Thursday, November 10, 2005


open source blues

Open source is a lovely idea -- kind of like world peace, or a pollution free world. Sadly, ideals don't translate into reality without a bit of disappointment.

I want to give Firefox the opportunity to shine. Heaven knows browsers can stand improvement. But whenever I invest a bit of time to enhance Firefox, I get burned.

I spent the weekend adding various extensions -- things that actually make Firefox qualitatively different -- which required me to download a newer version than I had loaded previously on one of our home PCs and deal with annoying questions from the Firefox development team. Firefox is annoyingly preachy by the way. Note to developers: you are making software, not saving the world. You won't be getting a Nobel peace prize for your efforts.

A few days later, something has blewn up, and now nothing is there, apart from a reloaded, completely clueless version of Firefox that doesn't even know my bookmarks.

Yes I am getting this for free, but I'd rather pay someone, even Microsoft, a few bucks to assure some kinks are worked out ahead of time. My time is more valuable than the retail cost of the software. What problem does open source solve? Companies aren't the evil, payment isn't the evil, the evil is how monopoly can stiffle innovation. When open source encourages innovation, great. But what problems does open source unleash? Often crappy beta software, enough to make even an experienced computer user into a cynic. What a tedious waste of time for users to try to choke-proof software, creating back-up files, because there are no robust systems in place to verify compatiability of add ins. The wild west of software can be exciting, but is dangerous. Trouble is, you don't know that you are bleeding edge until something innocent looking fails. I am not a sucker for the taunts saying "hey you don't have our latest build!" Even supposedly stable builds can be too flakey.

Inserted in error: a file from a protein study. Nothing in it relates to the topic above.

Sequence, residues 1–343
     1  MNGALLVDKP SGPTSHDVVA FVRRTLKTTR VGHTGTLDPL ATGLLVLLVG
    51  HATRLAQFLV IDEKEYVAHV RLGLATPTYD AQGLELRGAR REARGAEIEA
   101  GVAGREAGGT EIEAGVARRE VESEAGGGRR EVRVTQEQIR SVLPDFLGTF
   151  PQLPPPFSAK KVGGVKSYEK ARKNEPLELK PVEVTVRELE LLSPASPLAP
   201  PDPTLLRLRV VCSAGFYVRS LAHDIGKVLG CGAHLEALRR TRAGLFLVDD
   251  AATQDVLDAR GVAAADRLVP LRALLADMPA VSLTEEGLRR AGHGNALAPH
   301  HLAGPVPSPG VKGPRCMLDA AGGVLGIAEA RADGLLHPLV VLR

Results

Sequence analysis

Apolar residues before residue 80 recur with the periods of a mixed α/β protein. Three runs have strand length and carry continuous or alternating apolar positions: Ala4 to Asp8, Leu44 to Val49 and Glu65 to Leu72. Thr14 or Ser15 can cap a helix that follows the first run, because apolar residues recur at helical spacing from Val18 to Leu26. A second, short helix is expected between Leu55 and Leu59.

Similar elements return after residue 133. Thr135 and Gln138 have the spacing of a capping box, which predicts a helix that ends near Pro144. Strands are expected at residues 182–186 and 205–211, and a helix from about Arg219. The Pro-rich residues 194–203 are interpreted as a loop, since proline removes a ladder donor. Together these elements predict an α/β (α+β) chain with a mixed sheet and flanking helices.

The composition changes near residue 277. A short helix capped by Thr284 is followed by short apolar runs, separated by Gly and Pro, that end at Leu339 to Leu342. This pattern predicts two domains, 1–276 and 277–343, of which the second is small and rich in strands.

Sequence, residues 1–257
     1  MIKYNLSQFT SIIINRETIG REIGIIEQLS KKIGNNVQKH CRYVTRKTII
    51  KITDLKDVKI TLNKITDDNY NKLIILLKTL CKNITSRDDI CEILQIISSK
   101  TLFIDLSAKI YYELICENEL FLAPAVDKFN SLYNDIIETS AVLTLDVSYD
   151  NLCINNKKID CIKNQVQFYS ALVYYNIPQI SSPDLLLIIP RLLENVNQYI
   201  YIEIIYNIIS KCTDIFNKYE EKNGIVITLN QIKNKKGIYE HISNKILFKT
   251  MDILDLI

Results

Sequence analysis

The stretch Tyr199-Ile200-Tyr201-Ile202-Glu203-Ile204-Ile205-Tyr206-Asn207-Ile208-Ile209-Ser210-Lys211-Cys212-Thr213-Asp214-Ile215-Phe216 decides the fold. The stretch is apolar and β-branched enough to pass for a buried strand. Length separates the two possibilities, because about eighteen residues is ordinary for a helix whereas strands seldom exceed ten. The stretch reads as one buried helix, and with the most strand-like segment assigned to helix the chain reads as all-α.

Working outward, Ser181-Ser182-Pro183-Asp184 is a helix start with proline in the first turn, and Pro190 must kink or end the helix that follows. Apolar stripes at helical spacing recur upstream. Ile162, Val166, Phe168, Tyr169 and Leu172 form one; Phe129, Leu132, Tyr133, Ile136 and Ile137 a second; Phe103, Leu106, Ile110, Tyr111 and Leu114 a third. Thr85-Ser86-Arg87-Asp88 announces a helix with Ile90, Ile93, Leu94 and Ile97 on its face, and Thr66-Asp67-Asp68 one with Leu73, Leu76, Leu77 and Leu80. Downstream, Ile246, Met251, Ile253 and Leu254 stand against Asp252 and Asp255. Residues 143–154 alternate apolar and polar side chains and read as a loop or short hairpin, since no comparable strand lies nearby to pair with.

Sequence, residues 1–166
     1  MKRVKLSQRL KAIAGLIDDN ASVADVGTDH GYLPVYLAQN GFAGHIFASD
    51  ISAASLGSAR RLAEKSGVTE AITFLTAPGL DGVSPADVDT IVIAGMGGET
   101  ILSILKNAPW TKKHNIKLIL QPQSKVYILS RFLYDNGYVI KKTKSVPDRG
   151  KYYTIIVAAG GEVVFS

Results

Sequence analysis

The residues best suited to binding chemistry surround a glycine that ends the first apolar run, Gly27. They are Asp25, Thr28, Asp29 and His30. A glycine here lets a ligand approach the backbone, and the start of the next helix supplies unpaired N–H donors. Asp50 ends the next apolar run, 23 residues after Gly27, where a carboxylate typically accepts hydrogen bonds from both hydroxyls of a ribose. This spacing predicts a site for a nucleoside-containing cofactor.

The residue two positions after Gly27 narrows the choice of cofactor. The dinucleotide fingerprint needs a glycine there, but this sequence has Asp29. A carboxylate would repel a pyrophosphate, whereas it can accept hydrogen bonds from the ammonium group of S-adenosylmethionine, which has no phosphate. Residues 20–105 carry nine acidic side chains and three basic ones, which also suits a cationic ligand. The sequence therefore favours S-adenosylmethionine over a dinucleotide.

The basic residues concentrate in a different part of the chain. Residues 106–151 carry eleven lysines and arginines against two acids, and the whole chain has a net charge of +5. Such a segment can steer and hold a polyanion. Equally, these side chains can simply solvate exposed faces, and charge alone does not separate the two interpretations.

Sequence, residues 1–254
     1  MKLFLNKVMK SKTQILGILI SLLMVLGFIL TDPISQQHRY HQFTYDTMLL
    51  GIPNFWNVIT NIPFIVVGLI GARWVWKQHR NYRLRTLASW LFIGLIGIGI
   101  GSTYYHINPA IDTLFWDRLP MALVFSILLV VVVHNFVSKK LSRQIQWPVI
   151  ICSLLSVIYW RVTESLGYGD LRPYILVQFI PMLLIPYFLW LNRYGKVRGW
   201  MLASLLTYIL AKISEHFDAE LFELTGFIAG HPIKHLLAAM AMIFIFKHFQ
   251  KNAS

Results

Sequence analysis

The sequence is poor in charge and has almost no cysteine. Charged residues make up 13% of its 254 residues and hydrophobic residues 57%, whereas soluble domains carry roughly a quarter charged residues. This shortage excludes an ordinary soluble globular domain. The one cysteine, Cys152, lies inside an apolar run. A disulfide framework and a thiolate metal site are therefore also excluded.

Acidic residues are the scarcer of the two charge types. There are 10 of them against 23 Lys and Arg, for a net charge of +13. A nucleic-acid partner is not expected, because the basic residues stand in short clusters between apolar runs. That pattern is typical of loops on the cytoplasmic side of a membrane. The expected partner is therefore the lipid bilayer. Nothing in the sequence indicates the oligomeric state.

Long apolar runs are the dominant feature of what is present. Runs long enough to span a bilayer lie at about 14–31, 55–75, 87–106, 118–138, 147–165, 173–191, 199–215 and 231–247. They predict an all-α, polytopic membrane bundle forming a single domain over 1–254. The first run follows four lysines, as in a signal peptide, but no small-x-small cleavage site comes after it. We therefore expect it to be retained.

If we are going to live in a multi-browser world, we should have a common file for bookmarks. I am hoping to find a way to synchronize bookmarks saved in either Firefox or IE. IE has a clumsy utility to import and export bookmarks (I have had no success figuring it out). Firefox only lets you import bookmarks from IE, but doesn't let you export them to a common file folder. Who is playing fair? If users are being offered a real choice, and your product is supposed to be better than everyone else's, why try to prevent them from defecting to a competing product?

If I can never get bookmarks saved in Firefox into IE, but can do the reverse, I only want to save bookmarks in IE, which encourages me to use IE more. What is obnoxious is the entire notion of a "default" browser, where everything is supposed to live.

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